8-false-claims-about-automotive-leather

8 False Claims About Automotive Leather

Let us get real, shall we? There is a lot of misinformation shared online, and it is time to lay out some fundamental assumptions that are wrong about automotive leather. As our platform has been sharing insights for the past year, we keep seeing the same comments, questions, and statements pop-up in response to the industry insights we share. It is time to tackle these and provide you with the answers you seek.

As a platform, our focus is the automotive leather industry, and as such, the information reflects how this industry operates and the standards it adheres too.

  1. Statement 1: Animals are killed for leather
    This statement is incorrect.

    Yet, a slightly longer answer is required, because after all, leather does use the hide or skin of deceased animals. The concept of slaughtering animals for only their leather is a very modern idea. Killing an animal to use only a small part is a terrible waste of resources and, therefore, it does not occur in the leather industry. It must be remembered, we are not talking about the fur industry, but the leather tanning industry. Meat consumption has far outgrown the leather industry, and by this point, the hide is simply a by-product of the food industry. If the whole leather industry took a one-year break, there would be no change in the number of animals killed for their meat.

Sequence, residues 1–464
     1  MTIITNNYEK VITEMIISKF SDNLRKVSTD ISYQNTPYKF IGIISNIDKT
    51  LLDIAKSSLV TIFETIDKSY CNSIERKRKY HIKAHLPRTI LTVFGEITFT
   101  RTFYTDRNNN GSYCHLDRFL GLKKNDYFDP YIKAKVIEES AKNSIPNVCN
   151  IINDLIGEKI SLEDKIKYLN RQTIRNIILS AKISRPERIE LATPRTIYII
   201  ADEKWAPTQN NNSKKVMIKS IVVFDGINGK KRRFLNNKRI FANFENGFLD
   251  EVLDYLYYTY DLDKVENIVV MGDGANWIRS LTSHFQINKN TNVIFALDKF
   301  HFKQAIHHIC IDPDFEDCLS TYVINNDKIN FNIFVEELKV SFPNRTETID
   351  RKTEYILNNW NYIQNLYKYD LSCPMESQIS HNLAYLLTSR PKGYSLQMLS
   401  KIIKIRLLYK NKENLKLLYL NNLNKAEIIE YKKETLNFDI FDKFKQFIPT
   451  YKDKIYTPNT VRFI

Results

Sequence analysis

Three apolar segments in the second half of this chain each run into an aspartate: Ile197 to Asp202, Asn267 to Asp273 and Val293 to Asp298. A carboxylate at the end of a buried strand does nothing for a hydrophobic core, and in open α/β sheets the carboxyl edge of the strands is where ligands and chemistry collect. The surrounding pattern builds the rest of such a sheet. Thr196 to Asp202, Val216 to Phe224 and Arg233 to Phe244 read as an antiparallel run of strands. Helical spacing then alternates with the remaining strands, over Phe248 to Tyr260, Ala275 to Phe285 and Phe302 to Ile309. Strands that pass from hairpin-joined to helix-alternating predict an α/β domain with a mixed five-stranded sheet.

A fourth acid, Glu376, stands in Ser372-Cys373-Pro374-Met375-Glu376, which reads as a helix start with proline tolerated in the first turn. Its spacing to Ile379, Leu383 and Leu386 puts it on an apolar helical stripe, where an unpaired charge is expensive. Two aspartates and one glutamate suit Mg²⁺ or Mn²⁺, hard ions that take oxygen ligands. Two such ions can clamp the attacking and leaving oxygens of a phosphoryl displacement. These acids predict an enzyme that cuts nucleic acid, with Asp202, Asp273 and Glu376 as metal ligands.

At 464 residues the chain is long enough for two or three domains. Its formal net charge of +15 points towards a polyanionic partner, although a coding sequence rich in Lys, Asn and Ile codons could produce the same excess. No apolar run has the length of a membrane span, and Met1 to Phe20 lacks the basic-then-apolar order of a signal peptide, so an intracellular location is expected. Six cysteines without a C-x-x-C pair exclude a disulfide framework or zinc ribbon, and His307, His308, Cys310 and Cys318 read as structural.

More about leather as a by-product

  2. Statement 2: The meat industry is struggling
    This statement is incorrect.

    It is true that more people than ever now opt for a different lifestyle and either reduce, or completely abstain from the consumption of meat, fish, dairy, and other animal-based products. However, meat consumption is on the rise, with the average consumption per person higher than ever. We are also facing challenges associated with a growing world population. Cattle play a huge role in agriculture, and even if removed from our diet, they are an essential part of healthier ecosystems within regenerative agriculture settings.

    17% of the global leather industry is accounted for by the automotive industry. The leather industry, in general, is a much smaller industry than food processing (meat production), and the number of un-used hides/skins is increasing. While the leather industry does not feel it wants to judge consumer choices, it is worrying to see this material go to waste. Leather is being replaced by plastic substitutes, plastics that contribute to the growing global waste pile at the end of their lifecycle.

  3. Statement 3: Leather and the meat industry are interdependent
    This statement is incorrect.

    A long time ago, leather indeed represented a significant part of an animal’s value. Even today the leather industry relies on the meat industry for its base materials, however, a decrease in leather demand is causing only a portion of hides to be sold and used in leather making. In recent years, the value of hides has dropped to <1% of the total value of the animal in the United States. The leather industry may still depend on the meat industry, but this is not the case vice versa.